We published a few track alignment spec stories last year including one for our S2000, our FR-S and our S14 240SX. Now it’s time to give you FWD guys some love, and in particular anyone with a double wishbone FWD Honda like my old EG Civic racecar or Pete’s old DC2 Integra track car.
Why do these specs only apply to ’88 to ’00 double wishbone Hondas? Simple, really. Later FWD Hondas, like the RSX and 7th gen and newer Civics switched to a McPherson front strut design and also went to a different rear suspension designs as well, so a high performance or race alignment on these newer Hondas is very different from the old EG/EK/DC2 chassis we all love so much for their lightness and inherently good suspension design.
One of the advantages of a double wishbone suspension with unequal length upper and lower control arms like ’88 to ’00 FWD Hondas (and C5 and C6 Corvettes and Stock Cars) have is that it dynamically gains negative camber during roll and compression, which means you don’t have to run a lot of static camber to use all of the available tire contact patch in the corners.
So as you can see from the specs above, we suggest you start with about -2.75 degrees of front camber and about a degree less of rear camber. The reason for more front camber is that the front tires do a lot more work on a FWD car, since they’re being asked to both steer and put the power down, and we always want to maximize front grip in the corners and then balance the chassis with adjustments to rear grip. Plus we know from years of racing experience and collecting tire temperature data with my EG and many other Hondas of this suspension type that alignment specs similar to these produce the desired temperature spread across the contact patch in most cases (a bit hotter on the inner third).
Keep in mind, however, that your tire choice and driving style will impact on camber and toe settings that work best for your FWD Honda, not to mention your shock, spring and sway bar setup and the track(s) you tend to do most of your lapping/racing at. So you’ll need to do your own homework, as these specs are really just a starting point and are perhaps a bit on the conservative side (and thus better suited to a street tire or DOT track tire, while racing slicks often need more camber as well as more spring rate).
Get yourself a tire pyrometer and accurate tire pressure gauge and start to keep track of these during track days. Generally speaking you’ll want to see tire temps in the 160-200F range, but do some research on the optimum temp range for the tires you’re running on. Here’s a little video explaining how to use a pyrometer. It’s a quick and painless watch, we promise.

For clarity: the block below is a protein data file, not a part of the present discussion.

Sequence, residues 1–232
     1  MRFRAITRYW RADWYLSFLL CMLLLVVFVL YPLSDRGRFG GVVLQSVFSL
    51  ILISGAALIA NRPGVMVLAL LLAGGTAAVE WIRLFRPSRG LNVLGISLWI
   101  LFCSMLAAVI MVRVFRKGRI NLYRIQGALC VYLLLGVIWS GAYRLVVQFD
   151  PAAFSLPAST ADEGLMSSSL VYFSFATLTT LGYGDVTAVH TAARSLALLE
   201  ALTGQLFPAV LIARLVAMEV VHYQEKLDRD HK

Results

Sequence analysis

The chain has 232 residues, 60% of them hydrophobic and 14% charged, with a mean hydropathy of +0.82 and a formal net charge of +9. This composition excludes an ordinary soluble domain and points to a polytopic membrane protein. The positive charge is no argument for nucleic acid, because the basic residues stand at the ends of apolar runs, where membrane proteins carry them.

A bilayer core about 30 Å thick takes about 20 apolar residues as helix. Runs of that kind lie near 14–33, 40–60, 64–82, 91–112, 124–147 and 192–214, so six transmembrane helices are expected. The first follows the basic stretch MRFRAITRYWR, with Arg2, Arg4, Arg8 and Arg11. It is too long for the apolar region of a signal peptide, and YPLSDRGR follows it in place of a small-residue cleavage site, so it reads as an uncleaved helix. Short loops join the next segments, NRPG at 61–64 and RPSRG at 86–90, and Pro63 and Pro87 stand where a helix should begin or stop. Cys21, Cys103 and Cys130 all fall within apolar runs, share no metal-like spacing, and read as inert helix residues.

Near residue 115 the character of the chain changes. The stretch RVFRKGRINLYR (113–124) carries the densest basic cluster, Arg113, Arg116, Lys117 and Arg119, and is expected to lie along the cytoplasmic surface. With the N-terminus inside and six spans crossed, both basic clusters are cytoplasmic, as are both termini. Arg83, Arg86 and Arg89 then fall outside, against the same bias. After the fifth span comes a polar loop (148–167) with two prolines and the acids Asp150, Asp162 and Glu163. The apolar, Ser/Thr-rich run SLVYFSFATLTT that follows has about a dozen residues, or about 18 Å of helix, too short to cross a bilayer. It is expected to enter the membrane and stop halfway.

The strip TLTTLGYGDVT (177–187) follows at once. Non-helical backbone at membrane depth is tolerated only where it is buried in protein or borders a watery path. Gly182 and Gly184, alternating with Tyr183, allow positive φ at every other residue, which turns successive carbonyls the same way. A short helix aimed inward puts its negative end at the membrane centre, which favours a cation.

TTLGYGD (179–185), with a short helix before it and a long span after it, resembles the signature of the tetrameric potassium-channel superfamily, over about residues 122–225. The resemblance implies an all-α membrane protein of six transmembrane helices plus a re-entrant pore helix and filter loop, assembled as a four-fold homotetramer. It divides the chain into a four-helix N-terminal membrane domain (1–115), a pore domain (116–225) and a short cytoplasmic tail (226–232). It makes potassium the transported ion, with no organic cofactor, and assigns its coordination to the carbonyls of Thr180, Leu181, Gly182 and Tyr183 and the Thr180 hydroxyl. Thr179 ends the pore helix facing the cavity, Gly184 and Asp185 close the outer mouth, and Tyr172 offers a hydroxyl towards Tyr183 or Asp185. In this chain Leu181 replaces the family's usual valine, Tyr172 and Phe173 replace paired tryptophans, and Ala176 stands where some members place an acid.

We normally use toe settings to fine-tune the car’s handling balance, so these can be quite subjective and heavily influenced by tire choice and your overall chassis and suspension tuning choices. That said, most FWD cars do understeer and struggle a bit with turn-in response as well, so as a general rule adding some front toe-out can help encourage crisper turn-in. Similarly, a bit of rear toe-out can help free up the rear end and encourage the chassis to rotate rather than understeer. In extreme cases we’ve used a lot more rear toe-out to combat understeer, and we’ve also used extreme amounts of rear camber to effectively reduce the size of the rear contact patch in an effort to reduce rear grip and thus free it up to rotate. Running a reverse stagger tire setup (narrow rear tires) is also a popular way to improve FWD handling balance by limiting rear grip relative to front grip.
Point being, don’t be afraid to experiment with rear toe and rear camber to get your FWD car to understeer less or even rotate a bit. The goal is to get the car turned in quickly so that you can get back on the gas as soon as possible without having to modulate the throttle to hold off any power-on understeer or front end push. Similarly, you can use rear damper settings, rear spring and bar rates or even track width to reduce understeer, but that’s a subject for another post.
One other point worth making about unequal length double wishbone suspension design is that it doesn’t like to be lowered too much. Show up to the track with your ’88 to ’00 Honda slammed to the ground like a stance nation devotee and you’ll almost certainly have a very poor handling car on your hands, since its roll centers will be below ground and it’ll be bumpsteering you all over the track in the corners. You can use bumpsteer and roll center adjusters to help dial some of this badness out, but because of the way double wishbone suspension geometry works, the best thing you can do is not lower the car more than a couple inches below stock ride height.
Ok, that’s it for our quick and dirty FWD Honda double wishbone alignment recommendations. We want to build another FWD Honda soon, so hopefully we’ll be able to show you lots of other FWD Honda setup testing in the not too distant future. Maybe a GE Fit rally car with a Mugen K20 like this one?